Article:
There really is nothing like fresh baked bread in the morning.
Heading to the bus stop in the early morning as most of the residents of El Bolson slept on, we came across a tiny bakery (one room, husband, wife and daughter and one oven) from whom we purchased a whole loaf of freshly baked bread and a selection of fried sweet bread sticks. As we sat outside in the warm morning sun and ate the baker joined us periodically, escaping the heat of his workspace and trying in his best broken English to make small talk.
Perhaps it was the satisfaction of seeing his product eaten so voraciously by these tres dirty hombres.
The bus ride from El Bolson took us over the dry, high plains where wildflowers spun a vivid yellow shag pile over the terrain, punctuated by fertile river valleys where lines of poplars marked out where the earth had yielded to agriculture and mans' endeavours.
Esquel was a disappointment; the railway workers were on strike (very common here due to the deadly combination of low wages and spiralling inflation) and La Trochita was grounded - there would be no trip on the Old Patagonian Express today. And we waited in anticipation for the tumble weed to roll down the dusty windswept main street. The only action today was young men hooning in their beat up, but pimped up saloons - and what their cars lacked in street cred, they more than made up for in attitude. But three grimy gringos taking a lazy mini market lunch on the steps of the post office hardly raised an eyebrow.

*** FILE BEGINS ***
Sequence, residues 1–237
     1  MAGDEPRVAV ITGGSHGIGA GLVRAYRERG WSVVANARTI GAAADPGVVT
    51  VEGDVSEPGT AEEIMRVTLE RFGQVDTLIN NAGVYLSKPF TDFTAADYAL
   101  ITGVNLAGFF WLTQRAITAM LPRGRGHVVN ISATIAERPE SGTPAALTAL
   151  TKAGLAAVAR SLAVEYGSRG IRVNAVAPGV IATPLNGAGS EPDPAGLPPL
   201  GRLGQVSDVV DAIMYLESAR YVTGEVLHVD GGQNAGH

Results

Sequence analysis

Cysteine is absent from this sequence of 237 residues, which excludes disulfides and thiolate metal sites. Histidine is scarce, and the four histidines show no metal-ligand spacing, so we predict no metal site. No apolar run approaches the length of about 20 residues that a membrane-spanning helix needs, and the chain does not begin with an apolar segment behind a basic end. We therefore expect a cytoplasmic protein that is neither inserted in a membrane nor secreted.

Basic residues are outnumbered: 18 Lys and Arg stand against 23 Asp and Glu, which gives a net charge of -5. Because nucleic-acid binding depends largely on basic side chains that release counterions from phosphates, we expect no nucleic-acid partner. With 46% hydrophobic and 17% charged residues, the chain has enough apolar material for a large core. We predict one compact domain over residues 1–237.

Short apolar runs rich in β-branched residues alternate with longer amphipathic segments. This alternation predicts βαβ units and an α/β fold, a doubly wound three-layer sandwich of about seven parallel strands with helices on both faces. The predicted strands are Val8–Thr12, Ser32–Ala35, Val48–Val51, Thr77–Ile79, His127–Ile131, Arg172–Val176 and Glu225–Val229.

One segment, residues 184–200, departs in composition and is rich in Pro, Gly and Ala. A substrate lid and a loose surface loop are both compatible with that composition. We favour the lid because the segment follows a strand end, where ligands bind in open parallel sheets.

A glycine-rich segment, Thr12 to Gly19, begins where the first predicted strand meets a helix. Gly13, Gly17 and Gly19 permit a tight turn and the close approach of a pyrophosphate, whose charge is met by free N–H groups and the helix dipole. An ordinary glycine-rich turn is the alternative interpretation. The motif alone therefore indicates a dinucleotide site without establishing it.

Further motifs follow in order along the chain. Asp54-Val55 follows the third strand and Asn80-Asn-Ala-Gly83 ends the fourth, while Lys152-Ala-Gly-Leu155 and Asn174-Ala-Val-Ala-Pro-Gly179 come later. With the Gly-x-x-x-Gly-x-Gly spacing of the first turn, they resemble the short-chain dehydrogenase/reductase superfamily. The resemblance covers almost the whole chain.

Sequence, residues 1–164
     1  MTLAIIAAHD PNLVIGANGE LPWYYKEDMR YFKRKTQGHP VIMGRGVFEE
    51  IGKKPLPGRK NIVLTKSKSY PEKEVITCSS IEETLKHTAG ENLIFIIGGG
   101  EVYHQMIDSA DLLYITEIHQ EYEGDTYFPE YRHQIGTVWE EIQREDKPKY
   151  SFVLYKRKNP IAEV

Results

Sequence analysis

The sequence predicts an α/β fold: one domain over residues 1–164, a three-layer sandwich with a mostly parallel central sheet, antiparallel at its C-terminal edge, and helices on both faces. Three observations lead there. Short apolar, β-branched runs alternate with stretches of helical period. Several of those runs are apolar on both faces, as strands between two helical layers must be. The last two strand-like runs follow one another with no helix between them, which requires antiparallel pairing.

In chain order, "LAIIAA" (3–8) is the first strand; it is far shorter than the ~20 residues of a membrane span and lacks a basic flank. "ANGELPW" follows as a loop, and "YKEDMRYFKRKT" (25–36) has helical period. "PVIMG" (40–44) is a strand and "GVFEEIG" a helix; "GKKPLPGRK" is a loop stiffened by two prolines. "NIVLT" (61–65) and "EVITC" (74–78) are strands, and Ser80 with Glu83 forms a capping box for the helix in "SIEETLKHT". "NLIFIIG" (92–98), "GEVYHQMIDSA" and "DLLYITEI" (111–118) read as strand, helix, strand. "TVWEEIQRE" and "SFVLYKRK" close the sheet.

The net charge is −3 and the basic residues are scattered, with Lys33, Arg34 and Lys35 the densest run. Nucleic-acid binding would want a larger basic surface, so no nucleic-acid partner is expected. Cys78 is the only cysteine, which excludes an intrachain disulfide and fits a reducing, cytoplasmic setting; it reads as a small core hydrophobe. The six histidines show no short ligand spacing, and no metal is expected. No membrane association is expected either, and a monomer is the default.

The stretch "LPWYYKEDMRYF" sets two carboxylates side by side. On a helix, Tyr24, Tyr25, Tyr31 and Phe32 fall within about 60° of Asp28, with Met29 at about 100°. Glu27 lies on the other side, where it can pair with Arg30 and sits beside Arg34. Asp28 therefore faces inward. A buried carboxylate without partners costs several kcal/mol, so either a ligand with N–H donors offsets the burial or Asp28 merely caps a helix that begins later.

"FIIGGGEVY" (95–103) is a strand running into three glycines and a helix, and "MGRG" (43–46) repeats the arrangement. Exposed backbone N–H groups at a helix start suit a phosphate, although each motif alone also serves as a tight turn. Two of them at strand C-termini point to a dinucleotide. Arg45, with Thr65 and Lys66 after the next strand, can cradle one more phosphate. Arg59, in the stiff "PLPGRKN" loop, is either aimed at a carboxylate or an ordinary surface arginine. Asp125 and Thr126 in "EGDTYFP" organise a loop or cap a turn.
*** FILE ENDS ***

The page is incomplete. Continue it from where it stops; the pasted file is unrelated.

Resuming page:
And at the bus terminal I was hopelessly unsuccessful at negotiating our onward travel:
"Do you speak English?"
"I'd like to go to Chile"
- No, is impossible
"Seriously, I really do want to go to Chile!"
- No, go away and come back on Wednesday (it was Saturday)...
A local woman, who had wryly observed all of this approached us and said in perfect, clipped English that she was driving to the border this afternoon and could take us too. Sizing her up and our situation we decided to take her up on her offer. Anthea was a geographer, German and married with a family whom she invited us to meet now at her nearby home - such was the dearth of English speaking visitors here.
We enjoyed a long afternoon tea of warm bread (pumpernickel of course), cheese and homemade plum jam accompanied by traditional maté tea (hints of coca with a strong aftertaste of freshly mown grass) followed by lemon tart. It was wonderful to connect with some semi-locals (they had lived her for 14years) and also to cut through the language barrier we had so foolishly failed to even attempt to conquer.
We drove out past farms and ranches, through the picturesque Welsh village of Trevelin where they still sing wonderfully robust Anglican hymns in church each Sunday and Welsh Tea is the order of the day.
The border crossing was a relatively informal affair, with an atmosphere more akin to a picnic with families making day trips between the countries, crazy cyclists and white water rafters all milling about. The border was just a swing gate (open).
We were dropped off at the plaza in Futaleufu after 8pm and began the search for accommodation and onward travel; the weather had closed in and it was getting much much colder...